The Sunday Mail
ONE of Zimbabwe’s first female data scientists Henrica Makulu, continues to scale dizzy heights.
She was recently nominated as one of the finalists of this year’s Women in Tech Global Awards. Organised by the WomenTech Network, the virtual ceremony and summit feature some of the most accomplished women in the global tech industry.
It also offers networking opportunities with technology gurus to empower women in technology through leadership development, professional growth and mentorship programmes.
Aged 34, Makulu was named in the WomenTech Mentor of the Year and WomenTech Community Award categories.
She made it with another Zimbabwean tech giant Loveness Nleya, who is vying for the Rising Star of the Year gong.
As a finalist, who is contending for a prize at a grand platform that is bringing together 1 247 contestants from 142 countries, this is no easy feat for Makulu.
“This is super-significant because Loveness and I are the first Zimbabweans to get this far in these global awards. Also, I have always wanted to benchmark myself against global tech professionals, so this nomination means I am able to compete against top women in technology from across the world,” she said.
The nomination is also in recognition of Makulu’s community work, through which she mentors young Africans, including Zimbabweans, who want to pursue careers in technology.
She does this in her capacity as founder and mentor of HM Digital, a consulting practice offering training, mentorship and advisory services in digital literacy and data analytics.
Makulu is also a senior specialist for Medscheme Holdings, South Africa’s largest health risk management services provider.
With her portfolio, she has impacted over 3 000 people through technical training and mentorship, both locally and internationally.
Her efforts further cascade to the grassroots, where she mentors young girls and boys to prove to them that if someone like her, who faced numerous hardships, could scale dizzy heights, they can also prevail.
“I am extremely humbled that an average Harare girl like me can make it this far. And I am excited to share my story and inspire the next generation of tech professionals from Zimbabwe because we have so much talent,” she said.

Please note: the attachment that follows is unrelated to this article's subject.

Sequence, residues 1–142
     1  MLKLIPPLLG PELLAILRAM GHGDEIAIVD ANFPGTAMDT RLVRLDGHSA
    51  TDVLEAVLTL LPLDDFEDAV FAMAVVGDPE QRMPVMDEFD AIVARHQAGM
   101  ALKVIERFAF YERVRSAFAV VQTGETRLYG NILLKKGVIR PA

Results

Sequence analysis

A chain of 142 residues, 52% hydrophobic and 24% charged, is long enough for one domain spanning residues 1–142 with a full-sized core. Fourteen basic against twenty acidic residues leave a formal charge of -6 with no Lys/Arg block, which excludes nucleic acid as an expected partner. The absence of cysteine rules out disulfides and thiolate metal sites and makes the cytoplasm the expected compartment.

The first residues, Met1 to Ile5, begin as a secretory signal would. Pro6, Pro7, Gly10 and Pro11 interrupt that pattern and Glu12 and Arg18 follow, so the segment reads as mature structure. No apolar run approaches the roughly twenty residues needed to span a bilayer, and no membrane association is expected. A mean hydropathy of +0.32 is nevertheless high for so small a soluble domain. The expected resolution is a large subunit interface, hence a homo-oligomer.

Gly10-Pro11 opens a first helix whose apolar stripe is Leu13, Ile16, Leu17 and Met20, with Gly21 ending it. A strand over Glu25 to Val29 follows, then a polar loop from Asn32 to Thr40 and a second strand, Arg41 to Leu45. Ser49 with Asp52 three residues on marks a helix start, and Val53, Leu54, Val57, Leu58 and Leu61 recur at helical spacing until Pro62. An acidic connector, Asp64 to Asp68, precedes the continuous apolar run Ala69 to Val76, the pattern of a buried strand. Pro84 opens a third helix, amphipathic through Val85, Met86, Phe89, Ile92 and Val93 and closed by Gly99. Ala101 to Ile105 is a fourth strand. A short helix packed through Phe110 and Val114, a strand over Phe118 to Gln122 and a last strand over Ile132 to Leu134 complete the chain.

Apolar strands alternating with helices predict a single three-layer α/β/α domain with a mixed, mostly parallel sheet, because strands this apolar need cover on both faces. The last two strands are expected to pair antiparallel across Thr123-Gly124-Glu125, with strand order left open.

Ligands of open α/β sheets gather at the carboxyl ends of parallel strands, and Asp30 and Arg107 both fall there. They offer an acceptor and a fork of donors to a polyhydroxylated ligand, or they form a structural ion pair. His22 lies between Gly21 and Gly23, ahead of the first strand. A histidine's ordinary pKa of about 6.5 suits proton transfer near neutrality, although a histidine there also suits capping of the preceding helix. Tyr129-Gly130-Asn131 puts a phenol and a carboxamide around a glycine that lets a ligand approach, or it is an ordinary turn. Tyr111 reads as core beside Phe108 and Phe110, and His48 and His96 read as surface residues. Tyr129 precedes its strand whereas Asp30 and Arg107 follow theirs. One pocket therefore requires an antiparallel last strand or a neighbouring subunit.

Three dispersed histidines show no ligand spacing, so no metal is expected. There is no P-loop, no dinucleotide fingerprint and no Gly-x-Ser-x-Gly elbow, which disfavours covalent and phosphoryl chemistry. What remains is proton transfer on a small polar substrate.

Born and raised in Harare, she attended secondary school in Masvingo. Back then, she did not have an aptitude for technology.
She actually performed better in Arts subjects in high school, but she opted to join the science class just to prove she could do it.
“Looking back, I think it was an unguided decision because I was honestly not strong in those subjects. While I didn’t do too well in my final exams, my highest-scored subject was Mathematics,” she said.
She then enrolled at the National University of Science and Technology (NUST) in Bulawayo for her tertiary education. Though she had applied for Sports Science, she was allocated Applied Mathematics.
During that period, numerous challenges confronted her, which included failing all her Mechanics courses. She ended up repeating a year in university as she struggled to get a handle of her degree studies.
She also faced financial constraints.
Every time she told people that she was studying Applied Mathematics, their reaction left her convinced she was pursuing something of value.
However, reality struck after graduation, as she could not find a job that matched her qualifications.
This led her to do administrative work in the agriculture sector for five years.
She taught herself technological matters, something that changed the outlook of her CV. From there, she got a job at Econet, and the journey in technology began.
As a data scientist, she used information to help corporates make better decisions.
She would create dashboards that helped them understand their customers better.
With such experience, her interest in TechWomen, a platform for leading tech professionals, grew.
She applied to be a member.
In her application, apart from mentioning the Mathematics degree, Makulu could only highlight a few activities she had been involved in at high school. After being rejected three times, she was ready to give up. Her friends encouraged her to try one more time, which finally resulted in her selection.
This saw her visiting Silicon Valley in the United States, the home of high technology and innovation, in February this year, where she attended a professional and cultural exchange programme.
There, she worked for a Silicon Valley tech company for five weeks as a machine learning intern. In the process, she visited Google, Meta and Apple, among other leading corporates in technology.
Makulu is now a recognised thought leader in the African data science industry and was recently acknowledged as one of Africa’s leading women in data analytics.
◆ Twitter: @BullaFatima